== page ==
Dr. Jack Davis

But, as an aside, if we could harness the pediatric and the occupational therapy community, we would be able to pick these kids up earlier. Because two and three year olds are trying to put shapes in boxes and kind of those things about that, and picking up pencils, but, you know, the pediatric mantra is frequently, you know, what, let’s wait and see, well, they’ll outgrow it sort of, but they don’t take any baseline data and check every six months or 12 months to follow it up. It’s really the observation and monitoring that will reveal the strengths and weaknesses of these kids. Not the one shot, set them down sort of thing. And, you know, occupational therapists should be our best friends. At four, five or six, if you go into PT or OT, you should be asking questions like these, to know whether we should red flag them and monitor them. But, you know, getting busy professionals to take time to take a baseline of data and actually monitor it is hard, it’s really hard. So I think we could do a better job at early identification. 

If this really got out there and was part of professional training we came up with is using the DSM model, we have an A, B, and C categories. A is persistent deficits in spatial processing, spatial information. And how we’ve defined that are some subsets of data of visual spatial awareness, like self and space, visual spatial construction, putting blocks together, visual spatial memory, being able to recall where you put things, spatial estimation, being able to kind of guess how long, how far away something is, what you’re gonna do with it, that sort of stuff. Three dimensional thinking or visualization. Integrating and interpreting information presented pictorially. And that’s anything like maps or graphs or figures. visual spatial attention. And there are tests that look at visual spatial, the look of visual attention versus auditory attention, and visual spatial executive functioning, organizing things and putting them where they belong, and then remembering where they are. And that these visual spatial deficits, Part B, were present in early development, but may not have been caught until later on. And then C is visual spatial differences creates clinically significant distress or functional impairment of some sort. So that’s kind of what went to DSM. In terms of trying to figure out who to research then you need kind of a research definition. The research definition is based more on the neuropsych or psychoeducational testing. And the research is based on having a difference or discrepancy between verbal IQ and performance IQ. The old terms, have greater than 15 points or one standard deviation, single word reading and tact, which means within normal limits or above the 16th percentile. And then to have the following: One is the child must have some fine motor difficulties, recommended typically as the grooved pegboard, which is a two handed task, math calculation difficulties, executive function, which you can do through behavior rating scales, or you can do through testing social difficulties, there are a number of different scales for that sort of stuff. And there has to be a rule out for autistic spectrum. And that’s through, usually they use the autism spectrum screening questionnaire. And that’s where I have the populations get differentiated so that we can collect other data on them that the DSM wants to have. And I’m pretty sure we’ll get a decent rating scale out of this eventually. And then you can save the testing for those kids who still present a mystery after the rating scale data says these kids just are likely, it would at least be narrower than the amount of testing that would need to be done or the number of kids that need to be tested.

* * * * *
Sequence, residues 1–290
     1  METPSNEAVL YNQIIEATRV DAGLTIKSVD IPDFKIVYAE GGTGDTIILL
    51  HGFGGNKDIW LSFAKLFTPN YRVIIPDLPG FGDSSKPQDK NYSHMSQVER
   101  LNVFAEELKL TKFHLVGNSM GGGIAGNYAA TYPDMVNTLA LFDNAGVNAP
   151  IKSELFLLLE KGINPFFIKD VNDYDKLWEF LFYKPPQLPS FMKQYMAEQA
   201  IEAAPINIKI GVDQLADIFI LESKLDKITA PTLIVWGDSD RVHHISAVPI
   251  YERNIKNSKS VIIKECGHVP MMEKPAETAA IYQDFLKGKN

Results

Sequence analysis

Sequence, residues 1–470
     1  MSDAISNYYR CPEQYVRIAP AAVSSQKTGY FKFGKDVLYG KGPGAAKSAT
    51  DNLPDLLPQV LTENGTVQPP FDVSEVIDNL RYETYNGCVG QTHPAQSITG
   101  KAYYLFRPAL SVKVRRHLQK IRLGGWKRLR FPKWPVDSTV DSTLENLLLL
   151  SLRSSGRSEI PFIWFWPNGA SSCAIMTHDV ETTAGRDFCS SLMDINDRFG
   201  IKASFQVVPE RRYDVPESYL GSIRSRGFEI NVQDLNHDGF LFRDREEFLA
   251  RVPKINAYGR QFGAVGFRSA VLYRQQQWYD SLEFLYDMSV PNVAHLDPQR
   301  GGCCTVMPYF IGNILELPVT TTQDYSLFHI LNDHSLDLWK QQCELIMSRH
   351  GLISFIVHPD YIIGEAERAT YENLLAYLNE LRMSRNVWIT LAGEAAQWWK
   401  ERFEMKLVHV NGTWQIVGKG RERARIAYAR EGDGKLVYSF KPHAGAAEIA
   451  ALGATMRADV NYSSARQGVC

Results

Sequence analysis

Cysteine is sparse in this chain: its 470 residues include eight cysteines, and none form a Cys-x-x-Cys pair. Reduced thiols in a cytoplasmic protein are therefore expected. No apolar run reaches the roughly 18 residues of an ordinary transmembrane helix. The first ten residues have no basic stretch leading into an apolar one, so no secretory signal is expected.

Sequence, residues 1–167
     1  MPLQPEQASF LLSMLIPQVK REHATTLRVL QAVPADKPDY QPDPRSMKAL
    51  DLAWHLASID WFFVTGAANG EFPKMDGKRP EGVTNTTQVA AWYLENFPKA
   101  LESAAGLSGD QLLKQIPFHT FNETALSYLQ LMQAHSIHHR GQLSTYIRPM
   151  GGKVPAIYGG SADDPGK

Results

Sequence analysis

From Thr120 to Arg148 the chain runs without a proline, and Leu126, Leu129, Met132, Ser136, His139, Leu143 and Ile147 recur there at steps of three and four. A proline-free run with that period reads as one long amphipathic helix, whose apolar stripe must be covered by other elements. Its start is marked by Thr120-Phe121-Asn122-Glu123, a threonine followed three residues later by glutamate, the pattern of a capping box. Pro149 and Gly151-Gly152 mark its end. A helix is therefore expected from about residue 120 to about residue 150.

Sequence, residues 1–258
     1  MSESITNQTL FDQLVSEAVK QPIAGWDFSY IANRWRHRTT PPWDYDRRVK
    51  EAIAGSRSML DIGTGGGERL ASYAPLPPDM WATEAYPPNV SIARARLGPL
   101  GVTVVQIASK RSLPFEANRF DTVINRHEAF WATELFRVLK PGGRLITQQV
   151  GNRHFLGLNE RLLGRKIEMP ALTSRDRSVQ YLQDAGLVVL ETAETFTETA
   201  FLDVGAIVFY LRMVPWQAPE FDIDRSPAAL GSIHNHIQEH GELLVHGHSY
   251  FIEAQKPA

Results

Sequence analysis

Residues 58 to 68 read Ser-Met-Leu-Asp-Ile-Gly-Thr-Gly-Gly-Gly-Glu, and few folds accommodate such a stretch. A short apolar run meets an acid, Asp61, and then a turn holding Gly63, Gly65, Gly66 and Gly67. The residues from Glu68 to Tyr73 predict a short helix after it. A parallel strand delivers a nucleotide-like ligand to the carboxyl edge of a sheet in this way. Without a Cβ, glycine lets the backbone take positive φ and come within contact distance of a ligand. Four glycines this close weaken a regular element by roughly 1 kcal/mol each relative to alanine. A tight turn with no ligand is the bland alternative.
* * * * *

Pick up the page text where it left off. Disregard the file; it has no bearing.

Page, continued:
Dr. Jessica Broitman 

But we’re gonna still need the testing to tell us where to intervene in terms of what specific kinds of accommodations or modifications our kids might need, if any. And there’s test batteries, assessment test batteries, that we can refer your readers to any of our books have examples of what a good test battery might look like, or there’s a blog on it at on Psychology Today, we now have a blog going right now on these issues. So you can find it on Psychology Today.